Crimean Congo Haemorrhagic Fever (CCHF) is a viral infection, transmitted by the bites of infected ticks. It is endemic in several African and Asian countries, and particularly prevalent in Turkey. Symptoms of CCHF can include fever, headache, muscle aches, haemorrhages, and shock, and typically last up to two weeks. Between 5 and 40% of cases die depending on the setting.
The diagnosis of CCHF relies on identification of viral RNA by RT-qPCR, which can only be carried out in well-equipped laboratories, often far removed from hospitals and clinics where patients present. Delays in diagnosis can lead to inadequate safety precautions being taken by healthcare and laboratory staff, and obstructs the development of tailored patient management.
We have developed a point of care molecular test on the GeneDrive platform, and have evaluated the test at PHE Porton Down on archived samples, where it achieved an accuracy of 95.3% against a best-in-class commercial laboratory assay, exceeding the recommendations of the World Health Organization in their CCHF R&D roadmap.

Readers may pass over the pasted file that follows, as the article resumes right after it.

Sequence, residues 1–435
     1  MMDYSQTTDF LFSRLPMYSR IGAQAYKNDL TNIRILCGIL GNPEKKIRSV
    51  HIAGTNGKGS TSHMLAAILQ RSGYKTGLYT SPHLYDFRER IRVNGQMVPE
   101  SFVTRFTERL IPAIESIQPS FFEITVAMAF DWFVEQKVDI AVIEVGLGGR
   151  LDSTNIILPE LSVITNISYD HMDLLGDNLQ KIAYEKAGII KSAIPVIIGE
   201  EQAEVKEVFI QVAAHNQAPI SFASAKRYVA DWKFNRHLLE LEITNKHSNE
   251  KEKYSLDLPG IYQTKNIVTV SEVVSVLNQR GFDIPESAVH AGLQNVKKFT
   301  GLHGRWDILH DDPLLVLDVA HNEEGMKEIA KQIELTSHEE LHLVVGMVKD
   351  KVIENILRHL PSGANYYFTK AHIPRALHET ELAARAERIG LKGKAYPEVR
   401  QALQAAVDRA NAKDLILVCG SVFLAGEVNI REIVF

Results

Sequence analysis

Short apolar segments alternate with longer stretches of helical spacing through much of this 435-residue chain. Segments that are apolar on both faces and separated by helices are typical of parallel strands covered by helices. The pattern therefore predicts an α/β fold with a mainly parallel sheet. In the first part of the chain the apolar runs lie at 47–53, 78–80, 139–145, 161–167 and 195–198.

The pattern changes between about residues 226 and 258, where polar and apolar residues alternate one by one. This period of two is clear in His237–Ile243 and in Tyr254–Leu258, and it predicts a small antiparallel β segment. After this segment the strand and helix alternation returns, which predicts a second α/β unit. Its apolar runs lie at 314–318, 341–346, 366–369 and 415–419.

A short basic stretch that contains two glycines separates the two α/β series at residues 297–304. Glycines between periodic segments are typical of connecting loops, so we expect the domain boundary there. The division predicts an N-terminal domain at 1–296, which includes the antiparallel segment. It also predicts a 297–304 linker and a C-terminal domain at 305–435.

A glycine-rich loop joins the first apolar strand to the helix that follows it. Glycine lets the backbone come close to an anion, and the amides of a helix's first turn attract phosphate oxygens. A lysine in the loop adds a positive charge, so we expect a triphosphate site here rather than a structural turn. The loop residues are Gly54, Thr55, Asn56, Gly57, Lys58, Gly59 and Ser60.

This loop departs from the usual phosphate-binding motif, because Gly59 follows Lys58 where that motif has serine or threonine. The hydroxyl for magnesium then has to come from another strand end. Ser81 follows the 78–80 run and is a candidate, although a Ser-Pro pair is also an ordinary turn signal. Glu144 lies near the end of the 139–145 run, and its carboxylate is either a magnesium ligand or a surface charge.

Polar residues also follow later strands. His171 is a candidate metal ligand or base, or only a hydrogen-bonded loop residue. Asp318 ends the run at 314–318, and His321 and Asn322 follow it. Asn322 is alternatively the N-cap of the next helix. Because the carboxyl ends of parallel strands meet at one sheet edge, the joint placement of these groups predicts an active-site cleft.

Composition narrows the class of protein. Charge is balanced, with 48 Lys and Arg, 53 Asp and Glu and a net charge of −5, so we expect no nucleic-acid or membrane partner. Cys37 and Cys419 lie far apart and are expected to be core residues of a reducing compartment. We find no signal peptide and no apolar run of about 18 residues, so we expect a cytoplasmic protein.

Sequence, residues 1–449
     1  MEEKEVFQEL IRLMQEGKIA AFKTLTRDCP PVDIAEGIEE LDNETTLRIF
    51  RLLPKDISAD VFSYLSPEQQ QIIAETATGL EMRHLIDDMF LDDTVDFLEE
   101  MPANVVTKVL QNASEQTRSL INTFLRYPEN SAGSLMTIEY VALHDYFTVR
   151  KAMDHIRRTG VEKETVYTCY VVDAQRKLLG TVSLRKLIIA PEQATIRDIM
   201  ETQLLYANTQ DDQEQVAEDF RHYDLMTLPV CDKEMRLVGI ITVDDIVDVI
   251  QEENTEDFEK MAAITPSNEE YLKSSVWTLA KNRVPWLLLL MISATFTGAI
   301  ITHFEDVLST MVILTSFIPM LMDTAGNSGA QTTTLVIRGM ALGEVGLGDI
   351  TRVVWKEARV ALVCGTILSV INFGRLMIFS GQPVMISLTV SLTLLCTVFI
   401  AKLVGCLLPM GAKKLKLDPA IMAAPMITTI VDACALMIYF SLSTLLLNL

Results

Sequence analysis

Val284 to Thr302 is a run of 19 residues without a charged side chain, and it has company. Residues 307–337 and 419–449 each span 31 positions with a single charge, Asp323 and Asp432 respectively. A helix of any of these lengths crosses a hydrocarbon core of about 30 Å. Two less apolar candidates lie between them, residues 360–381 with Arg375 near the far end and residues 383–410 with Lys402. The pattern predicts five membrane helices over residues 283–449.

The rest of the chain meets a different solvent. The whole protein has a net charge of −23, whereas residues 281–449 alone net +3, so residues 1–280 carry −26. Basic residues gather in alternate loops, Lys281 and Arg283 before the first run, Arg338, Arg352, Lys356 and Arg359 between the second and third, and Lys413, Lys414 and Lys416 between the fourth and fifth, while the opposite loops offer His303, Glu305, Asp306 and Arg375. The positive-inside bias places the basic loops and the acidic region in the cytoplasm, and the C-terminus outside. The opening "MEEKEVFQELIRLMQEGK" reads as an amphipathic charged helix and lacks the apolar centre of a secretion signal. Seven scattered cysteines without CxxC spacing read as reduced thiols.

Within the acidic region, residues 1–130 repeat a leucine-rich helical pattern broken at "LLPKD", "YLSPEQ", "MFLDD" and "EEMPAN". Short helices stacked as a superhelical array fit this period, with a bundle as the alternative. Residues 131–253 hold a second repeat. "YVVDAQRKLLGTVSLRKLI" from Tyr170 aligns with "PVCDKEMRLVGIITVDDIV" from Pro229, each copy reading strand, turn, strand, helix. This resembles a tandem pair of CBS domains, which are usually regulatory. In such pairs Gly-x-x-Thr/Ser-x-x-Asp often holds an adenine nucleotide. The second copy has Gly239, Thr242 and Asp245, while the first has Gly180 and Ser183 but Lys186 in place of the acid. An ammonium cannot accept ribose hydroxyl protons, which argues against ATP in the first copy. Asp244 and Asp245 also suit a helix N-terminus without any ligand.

We will now further develop this prototype assay into a final test ready for CE marking. This will include the design of an internal control, the optimisation and production of lyophilised assay cartridges, and modification of the sample preparation from a two-step to a one-step process. These steps are likely to improve test sensitivity and speed, and are required in order to have a commercially viable test. The final test will be prospectively evaluated in Turkey at the national reference laboratory in Ankara.